Everybody Was So Young

Everybody Was So Young

Gerald and Sara Murphy, A Lost Generation Love Story

eBook - 2013
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"Once upon a time there was a prince and a princess — that's how the story of the Murphys should begin," said a friend of this golden pair. Handsome, gifted, wealthy Americans with homes in Paris and on the French Riviera, Gerald and Sara Murphy were at the very center of expatriate cultural and social life during the modernist ferment of the 1920s. Gerald Murphy — witty, urbane, and elusive — was a giver of magical parties and an acclaimed painter. Sara Murphy, an enigmatic beauty who wore her pearls to the beach, enthralled and inspired Pablo Picasso (he painted her both clothed and nude), Ernest Hemingway, and F. Scott Fitzgerald. The models for Nicole and Dick Diver in Fitzgerald's Tender Is the Night,the Murphys also counted among their friends John Dos Passos, Dorothy Parker, Fernand Leger, Archibald MacLeish, Cole Porter, and a host of others. Far more than mere patrons, they were kindred creative spirits whose sustaining friendship released creative energy. Yet none of the artists who used the Murphys for their models fully captured the real story of their lives: their Edith Wharton childhoods, their unexpected youthful romance, their ten-year secret courtship, their complex and enduring marriage — and the tragedy that struck them, when the world they had created seemed most perfect, in what Gerald called, "our most vulnerable spot, our children." Certainly Fitzgerald, who once complained that there were no second acts in American lives, could not have envisioned the tenacity with which the Murphys struggled to hold themselves and their charmed circle together through the dark years of the thirties and forties, when death, financial ruin, madness, and war assailed it. Amanda Vaill's account of the Murphys and their friends follows them through the whole arc of their glittering and sometimes tragic lives — the first such account to do so. Drawing on a hitherto untapped wealth of family diaries, photographs, letters and other papers, as well as on archival research and interviews on two continents, Vaill has documented the pivotal role of the Murphys in the interplay of cultures that gave rise to the Lost Generation. She explores for the first time the sexual undercurrents that ran beneath Gerald's and Sara's relationships with Picasso, Hemingway, and Fitzgerald and affected the work of all three men. Most important, she evokes both Murphys, and the geniuses who had the good fortune to be their friends, with a clarity and tenderness that makes them virtually step off the page. "There was a shine to life wherever they were," said the poet Archibald MacLeish — and this book, which reads as much like a rich and engaging novel as a work of biography, shows why.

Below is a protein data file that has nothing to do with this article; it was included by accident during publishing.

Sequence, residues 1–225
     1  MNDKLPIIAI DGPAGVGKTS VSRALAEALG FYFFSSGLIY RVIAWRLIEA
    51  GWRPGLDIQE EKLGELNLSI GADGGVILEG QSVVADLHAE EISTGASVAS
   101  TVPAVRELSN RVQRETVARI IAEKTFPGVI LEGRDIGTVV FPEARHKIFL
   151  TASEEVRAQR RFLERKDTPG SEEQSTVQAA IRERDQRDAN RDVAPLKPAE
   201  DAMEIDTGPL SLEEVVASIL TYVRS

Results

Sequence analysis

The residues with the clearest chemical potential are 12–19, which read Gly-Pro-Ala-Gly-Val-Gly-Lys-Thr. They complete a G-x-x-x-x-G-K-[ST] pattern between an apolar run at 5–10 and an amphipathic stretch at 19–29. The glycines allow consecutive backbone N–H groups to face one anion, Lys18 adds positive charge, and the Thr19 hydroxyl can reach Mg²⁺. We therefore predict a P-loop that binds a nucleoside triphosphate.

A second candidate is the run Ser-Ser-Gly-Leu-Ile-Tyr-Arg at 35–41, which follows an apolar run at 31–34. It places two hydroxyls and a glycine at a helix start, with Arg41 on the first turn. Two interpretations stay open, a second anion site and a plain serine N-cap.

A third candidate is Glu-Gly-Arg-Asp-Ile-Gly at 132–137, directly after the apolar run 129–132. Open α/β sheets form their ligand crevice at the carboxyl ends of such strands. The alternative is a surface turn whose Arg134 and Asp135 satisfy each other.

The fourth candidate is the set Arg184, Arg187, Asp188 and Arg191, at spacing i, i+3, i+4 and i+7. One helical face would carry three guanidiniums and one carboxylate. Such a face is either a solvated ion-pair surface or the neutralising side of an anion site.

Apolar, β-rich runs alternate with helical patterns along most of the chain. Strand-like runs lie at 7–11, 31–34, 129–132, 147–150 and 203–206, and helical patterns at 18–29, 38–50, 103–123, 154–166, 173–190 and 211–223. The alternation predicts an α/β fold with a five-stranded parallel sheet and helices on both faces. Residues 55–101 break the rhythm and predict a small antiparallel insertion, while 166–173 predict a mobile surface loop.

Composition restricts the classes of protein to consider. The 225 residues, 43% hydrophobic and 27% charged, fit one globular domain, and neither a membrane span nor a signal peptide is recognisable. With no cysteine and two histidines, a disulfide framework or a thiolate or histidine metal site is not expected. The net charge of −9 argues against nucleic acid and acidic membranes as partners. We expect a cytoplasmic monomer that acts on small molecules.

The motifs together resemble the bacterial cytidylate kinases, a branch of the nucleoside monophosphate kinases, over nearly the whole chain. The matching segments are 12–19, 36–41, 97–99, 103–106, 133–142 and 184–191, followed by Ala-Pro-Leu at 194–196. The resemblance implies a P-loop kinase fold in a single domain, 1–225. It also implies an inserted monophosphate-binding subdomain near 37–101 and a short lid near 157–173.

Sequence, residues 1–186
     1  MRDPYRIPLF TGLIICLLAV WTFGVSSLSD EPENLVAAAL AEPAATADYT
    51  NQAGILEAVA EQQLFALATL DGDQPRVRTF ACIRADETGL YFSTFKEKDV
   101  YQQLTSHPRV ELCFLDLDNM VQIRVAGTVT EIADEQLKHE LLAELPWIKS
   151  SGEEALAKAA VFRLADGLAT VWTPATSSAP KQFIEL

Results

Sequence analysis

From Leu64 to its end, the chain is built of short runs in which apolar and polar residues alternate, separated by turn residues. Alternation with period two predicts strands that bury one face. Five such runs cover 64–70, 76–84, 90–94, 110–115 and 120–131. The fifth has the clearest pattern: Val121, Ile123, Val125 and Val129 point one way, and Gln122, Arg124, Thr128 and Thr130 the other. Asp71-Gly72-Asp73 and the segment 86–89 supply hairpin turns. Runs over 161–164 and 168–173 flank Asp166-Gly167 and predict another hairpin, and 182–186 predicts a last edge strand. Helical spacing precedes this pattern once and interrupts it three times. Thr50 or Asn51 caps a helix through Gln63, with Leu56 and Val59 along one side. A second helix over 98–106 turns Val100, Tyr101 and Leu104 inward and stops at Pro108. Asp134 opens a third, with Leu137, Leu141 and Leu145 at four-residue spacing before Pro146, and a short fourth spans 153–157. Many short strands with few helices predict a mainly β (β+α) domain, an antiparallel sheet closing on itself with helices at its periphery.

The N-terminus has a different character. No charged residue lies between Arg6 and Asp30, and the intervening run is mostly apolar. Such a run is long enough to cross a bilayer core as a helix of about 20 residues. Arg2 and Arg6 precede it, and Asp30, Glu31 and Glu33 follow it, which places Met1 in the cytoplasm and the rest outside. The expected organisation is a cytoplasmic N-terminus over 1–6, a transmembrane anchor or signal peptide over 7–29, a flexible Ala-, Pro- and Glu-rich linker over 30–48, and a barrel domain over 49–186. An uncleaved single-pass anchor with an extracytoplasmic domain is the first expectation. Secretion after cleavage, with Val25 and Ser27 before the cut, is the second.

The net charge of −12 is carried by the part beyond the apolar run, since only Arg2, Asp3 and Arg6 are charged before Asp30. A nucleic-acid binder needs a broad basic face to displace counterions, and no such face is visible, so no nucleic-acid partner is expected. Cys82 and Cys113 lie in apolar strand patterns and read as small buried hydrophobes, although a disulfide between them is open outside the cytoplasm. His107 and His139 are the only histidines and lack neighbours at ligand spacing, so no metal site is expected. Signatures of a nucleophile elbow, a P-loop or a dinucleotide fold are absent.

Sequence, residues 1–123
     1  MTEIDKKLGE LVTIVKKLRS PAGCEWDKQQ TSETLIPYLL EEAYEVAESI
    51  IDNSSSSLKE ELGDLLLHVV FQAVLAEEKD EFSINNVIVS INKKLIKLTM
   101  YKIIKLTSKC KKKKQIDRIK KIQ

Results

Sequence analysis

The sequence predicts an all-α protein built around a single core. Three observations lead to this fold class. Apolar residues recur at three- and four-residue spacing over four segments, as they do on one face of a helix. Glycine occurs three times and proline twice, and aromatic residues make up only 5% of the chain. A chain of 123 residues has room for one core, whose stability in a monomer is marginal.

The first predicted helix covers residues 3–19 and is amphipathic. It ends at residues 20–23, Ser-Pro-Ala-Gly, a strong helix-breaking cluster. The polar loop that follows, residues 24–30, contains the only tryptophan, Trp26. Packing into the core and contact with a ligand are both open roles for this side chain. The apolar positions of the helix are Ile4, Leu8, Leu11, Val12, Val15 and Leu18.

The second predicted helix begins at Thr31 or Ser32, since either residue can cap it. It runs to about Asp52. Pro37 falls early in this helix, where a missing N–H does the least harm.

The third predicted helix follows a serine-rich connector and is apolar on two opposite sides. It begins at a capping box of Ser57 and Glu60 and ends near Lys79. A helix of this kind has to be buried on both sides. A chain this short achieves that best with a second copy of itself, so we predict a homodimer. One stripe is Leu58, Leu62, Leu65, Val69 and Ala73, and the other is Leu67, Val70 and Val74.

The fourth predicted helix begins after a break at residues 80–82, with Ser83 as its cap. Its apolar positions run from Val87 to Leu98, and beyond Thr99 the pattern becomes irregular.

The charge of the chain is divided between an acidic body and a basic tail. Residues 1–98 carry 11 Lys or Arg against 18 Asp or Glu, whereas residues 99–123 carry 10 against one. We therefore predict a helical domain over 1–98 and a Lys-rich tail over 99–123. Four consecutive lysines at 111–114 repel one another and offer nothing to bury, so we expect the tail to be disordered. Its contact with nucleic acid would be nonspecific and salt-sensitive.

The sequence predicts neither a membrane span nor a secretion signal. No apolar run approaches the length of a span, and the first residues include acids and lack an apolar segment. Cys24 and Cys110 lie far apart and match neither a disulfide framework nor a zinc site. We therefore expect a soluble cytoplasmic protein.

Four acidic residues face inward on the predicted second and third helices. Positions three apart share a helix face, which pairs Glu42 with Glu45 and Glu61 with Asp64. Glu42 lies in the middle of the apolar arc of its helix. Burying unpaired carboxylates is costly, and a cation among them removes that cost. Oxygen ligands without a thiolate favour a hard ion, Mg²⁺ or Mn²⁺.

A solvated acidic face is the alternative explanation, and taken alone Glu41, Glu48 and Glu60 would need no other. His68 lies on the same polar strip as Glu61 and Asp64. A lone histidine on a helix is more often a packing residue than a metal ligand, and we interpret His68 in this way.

Publisher: 2013
ISBN: 9780544268944
Branch Call Number: OverDrive ebook
Characteristics: 1 online resource
Additional Contributors: OverDrive, Inc

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Gerald and Sara Murphy took in those glittering people around them as dear friends and offered them stability.


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ownedbydoxies
Jan 06, 2016

What interesting and complex lives this couple. Born in the late 1800's, married and living in Europe during the 1920's when it seemed as if the days would always remain rose-hued, and then faced with their own mortality and that of their relatives and friends, but through it all maintaining their sense of beauty and compassion and generosity. His art is still absolutely enthralling.

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pattyskypants
Apr 18, 2014

Excellent writing and research, making these complex people so human and humble. They were enablers of so many creative icons, some of whom were not so grateful.

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Baf_creative
Jun 14, 2013

I couldn't put this book down, it transcends you into the lives of high profile creatives living in Europe and America in the 20s, 30s and 40s.

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